Evaluating Financial Aid Award Letters

So you’ve been accepted to your top 3 universities and now you have 3 financial aid award letters sitting in front of you.  How do you determine which university is offering you the best financial aid package?  Which university is going to allow you to pay the least money out of your pocket by giving you a lot of grant and/or scholarship money?

Each college or university will likely refer to your financial aid award letter as a “financial aid package.”  What does this mean?  This basically means that they are offering you various types of financial aid in the form of college grants and loans, scholarships, and work study.

In order to make the wisest decision, you have to take your time and do a detailed analysis of each college’s offer.  Here are the top 5 things you should consider:

1.     Evaluate Cost of Attendance (COA) – Take each letter and compare them side-by-side.  Which elements is each college or university including in their COA?  Do they include all 5 elements – tuition and fees, room and board, books, transportation, and personal expenses?  Or do they omit one or more of these components?  In order to evaluate each award letter accurately, you must first make sure that you are comparing apples to apples.

What exactly does this mean?  Let’s say college A’s COA is $18,500 – but they’ve neglected to include room and board costs into their COA estimate, while college B’s COA is $20,000 and they’ve included all 5 COA elements…which college is less expensive to attend?  Likely college B, if we assume that room and board costs at college A will be more than $1,500 dollars.  This is crucial.  You have to make sure that you are budgeting for the right amount each year and considering each of the cost elements.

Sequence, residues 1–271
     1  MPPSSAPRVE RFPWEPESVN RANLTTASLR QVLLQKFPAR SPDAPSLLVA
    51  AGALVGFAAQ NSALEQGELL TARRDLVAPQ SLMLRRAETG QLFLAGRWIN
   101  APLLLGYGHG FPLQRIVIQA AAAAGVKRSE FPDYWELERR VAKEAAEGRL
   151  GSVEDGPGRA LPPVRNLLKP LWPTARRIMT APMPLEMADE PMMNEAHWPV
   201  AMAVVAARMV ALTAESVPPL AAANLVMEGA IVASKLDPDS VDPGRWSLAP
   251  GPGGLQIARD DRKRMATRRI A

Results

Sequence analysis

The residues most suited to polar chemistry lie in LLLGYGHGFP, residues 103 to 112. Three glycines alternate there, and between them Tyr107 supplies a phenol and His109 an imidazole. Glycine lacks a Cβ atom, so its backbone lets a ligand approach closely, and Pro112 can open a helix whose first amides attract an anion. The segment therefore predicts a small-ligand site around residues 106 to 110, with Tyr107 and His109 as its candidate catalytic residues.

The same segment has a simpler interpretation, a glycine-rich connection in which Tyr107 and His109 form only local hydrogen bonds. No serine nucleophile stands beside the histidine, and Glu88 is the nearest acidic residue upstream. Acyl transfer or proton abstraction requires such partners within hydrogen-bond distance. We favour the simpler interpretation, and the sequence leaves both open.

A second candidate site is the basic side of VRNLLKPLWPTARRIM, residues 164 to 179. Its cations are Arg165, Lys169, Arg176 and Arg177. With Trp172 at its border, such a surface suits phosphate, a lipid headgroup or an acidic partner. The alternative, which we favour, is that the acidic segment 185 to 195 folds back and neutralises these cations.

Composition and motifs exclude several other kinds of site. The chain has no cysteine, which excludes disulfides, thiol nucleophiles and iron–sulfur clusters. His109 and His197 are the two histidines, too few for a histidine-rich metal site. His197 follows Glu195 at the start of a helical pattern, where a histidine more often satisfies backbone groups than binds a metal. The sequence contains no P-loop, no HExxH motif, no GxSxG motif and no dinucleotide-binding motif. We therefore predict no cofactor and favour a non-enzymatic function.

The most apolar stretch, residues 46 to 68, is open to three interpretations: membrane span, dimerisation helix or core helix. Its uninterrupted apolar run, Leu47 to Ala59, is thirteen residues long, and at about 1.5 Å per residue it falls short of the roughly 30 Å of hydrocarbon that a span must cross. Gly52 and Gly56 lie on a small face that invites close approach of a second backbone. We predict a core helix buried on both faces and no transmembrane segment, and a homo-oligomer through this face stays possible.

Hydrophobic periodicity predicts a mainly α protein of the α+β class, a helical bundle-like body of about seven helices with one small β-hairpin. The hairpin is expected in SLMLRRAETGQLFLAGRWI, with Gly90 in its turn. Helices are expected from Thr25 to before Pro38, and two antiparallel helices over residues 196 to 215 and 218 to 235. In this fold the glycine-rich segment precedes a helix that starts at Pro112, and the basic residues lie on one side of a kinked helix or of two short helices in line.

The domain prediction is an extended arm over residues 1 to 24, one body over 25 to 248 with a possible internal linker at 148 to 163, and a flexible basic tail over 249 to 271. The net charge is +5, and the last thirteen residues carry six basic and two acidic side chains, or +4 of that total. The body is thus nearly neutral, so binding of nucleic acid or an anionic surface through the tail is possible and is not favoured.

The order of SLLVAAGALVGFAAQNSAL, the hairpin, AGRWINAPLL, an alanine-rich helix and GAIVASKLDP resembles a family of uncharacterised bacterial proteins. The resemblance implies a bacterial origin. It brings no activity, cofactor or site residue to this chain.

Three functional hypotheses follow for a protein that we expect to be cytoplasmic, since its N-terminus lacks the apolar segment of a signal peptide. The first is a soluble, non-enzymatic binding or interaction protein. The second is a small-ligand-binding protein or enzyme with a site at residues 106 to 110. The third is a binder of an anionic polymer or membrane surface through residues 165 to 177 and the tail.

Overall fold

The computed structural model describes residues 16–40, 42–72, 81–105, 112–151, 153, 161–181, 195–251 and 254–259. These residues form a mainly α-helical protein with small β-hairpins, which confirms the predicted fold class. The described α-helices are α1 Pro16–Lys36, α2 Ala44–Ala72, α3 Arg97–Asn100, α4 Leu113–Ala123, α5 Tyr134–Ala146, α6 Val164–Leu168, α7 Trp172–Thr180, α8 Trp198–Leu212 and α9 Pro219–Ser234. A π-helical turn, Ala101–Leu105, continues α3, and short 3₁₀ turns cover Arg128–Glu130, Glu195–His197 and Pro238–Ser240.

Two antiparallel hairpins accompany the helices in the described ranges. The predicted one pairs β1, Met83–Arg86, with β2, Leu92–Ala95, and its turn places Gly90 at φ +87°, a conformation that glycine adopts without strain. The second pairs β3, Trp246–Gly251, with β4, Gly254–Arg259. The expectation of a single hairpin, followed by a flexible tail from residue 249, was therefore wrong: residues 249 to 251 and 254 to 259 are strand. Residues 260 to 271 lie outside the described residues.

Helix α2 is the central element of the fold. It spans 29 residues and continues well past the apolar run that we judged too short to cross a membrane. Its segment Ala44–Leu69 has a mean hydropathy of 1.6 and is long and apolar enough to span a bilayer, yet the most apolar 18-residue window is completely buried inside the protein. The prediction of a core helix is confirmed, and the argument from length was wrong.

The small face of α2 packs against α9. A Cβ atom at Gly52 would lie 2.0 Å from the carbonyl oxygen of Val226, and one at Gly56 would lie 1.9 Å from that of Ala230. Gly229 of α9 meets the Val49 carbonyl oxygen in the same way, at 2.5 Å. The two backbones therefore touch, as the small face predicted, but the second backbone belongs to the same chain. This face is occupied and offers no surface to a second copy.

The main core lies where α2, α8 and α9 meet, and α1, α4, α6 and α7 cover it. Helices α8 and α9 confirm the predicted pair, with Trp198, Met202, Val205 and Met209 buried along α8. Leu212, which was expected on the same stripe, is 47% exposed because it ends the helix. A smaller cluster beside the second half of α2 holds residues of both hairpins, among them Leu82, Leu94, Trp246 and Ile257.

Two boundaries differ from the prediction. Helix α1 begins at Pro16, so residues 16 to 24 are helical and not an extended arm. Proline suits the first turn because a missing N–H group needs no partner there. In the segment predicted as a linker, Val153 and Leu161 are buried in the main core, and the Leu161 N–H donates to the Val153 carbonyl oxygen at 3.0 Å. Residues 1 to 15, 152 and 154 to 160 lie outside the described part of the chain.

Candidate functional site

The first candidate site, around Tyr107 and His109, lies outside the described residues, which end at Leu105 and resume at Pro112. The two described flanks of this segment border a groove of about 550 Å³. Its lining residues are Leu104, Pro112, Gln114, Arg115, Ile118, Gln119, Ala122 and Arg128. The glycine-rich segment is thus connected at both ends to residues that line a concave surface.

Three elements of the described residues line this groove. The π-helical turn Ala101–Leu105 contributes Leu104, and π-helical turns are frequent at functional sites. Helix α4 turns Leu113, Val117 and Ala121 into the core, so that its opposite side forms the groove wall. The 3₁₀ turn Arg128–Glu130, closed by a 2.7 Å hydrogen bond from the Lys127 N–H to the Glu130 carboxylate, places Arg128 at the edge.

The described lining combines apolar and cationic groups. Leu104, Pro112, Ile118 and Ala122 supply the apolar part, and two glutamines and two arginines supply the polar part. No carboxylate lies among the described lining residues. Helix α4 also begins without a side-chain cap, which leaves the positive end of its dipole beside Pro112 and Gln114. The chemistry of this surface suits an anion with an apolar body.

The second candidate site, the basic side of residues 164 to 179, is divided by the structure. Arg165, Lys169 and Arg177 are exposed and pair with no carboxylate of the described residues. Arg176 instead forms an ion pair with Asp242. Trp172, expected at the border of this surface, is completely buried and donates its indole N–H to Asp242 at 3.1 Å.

2.     Evaluate Expected Family Contribution (EFC) – What exactly is being reflected on the award letter – the government’s EFC or the school’s EFC?  Why is this important?  Because some schools may have a higher EFC than the government.  Also keep in mind that each year you fill out the FAFSA form, your EFC may increase – regardless of your parent’s income.

3.     Show Me The Money! – What exactly is the college or university willing to pay for?  Is there any unmet need?  In other words, if you accept the award letter, will 100% of the college’s COA be covered?  If yes, in what form?  Will it be mostly covered by loans and work study or will it mostly be covered by scholarships and grant money?  Which college or university is giving you the most FREE money?  If at all possible, you want to avoid graduating from college in a ton of debt.

4.     Scholarships – Are they offering you any merit or other extracurricular-based scholarship money?  Is this renewable for 4 years?  Is there a minimum GPA that you must maintain in order to keep the scholarship?  Can you switch your major and still keep the scholarship?  If you’ve received outside, private scholarships, will this affect your financial aid package at all?  These are all important factors to consider.

5.     Loans – What type of loans are included in each financial aid award letter?  What are the interest rates of these loans?  Which school offered you more than one type of loan?  What are the differences between these loans?  Are they Stafford student loans?  You should not sign the award letter until you fully understand your loan obligations.

I know that this is not an easy decision.  Remember to get your family involved.  If you are a dependent student, this is a family matter.  More often than not, your parents will have to borrow money as well to send you to college.  Good Luck!

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TheCollegeHelper

TheCollegeHelper

Lauren Anderson is a certified school counselor who's passionate about helping students all over the world successfully transition from high school to college! After spending 6 years as a business professional, she obtained her Master’s degree in School Counseling and now spends her spare time helping students.

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